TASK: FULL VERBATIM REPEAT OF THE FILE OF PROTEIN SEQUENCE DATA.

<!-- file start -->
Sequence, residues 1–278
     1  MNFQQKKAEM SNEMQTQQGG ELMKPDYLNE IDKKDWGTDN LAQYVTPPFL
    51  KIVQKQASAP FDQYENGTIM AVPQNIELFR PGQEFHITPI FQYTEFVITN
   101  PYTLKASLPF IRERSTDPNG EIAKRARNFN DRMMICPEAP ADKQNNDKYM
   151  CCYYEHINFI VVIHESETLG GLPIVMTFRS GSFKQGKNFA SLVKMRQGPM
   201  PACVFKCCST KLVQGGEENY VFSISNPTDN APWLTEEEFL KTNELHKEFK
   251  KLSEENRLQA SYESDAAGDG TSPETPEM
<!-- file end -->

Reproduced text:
Sequence, residues 1–278
     1  MNFQQKKAEM SNEMQTQQGG ELMKPDYLNE IDKKDWGTDN LAQYVTPPFL
    51  KIVQKQASAP FDQYENGTIM AVPQNIELFR PGQEFHITPI FQYTEFVITN
   101  PYTLKASLPF IRERSTDPNG EIAKRARNFN DRMMICPEAP ADKQNNDKYM
   151  CCYYEHINFI VVIHESETLG GLPIVMTFRS GSFKQGKNFA SLVKMRQGPM
   201  PACVFKCCST KLVQGGEENY VFSISNPTDN APWLTEEEFL KTNELHKEFK
   251  KLSEENRLQA SYESDAAGDG TSPETPEM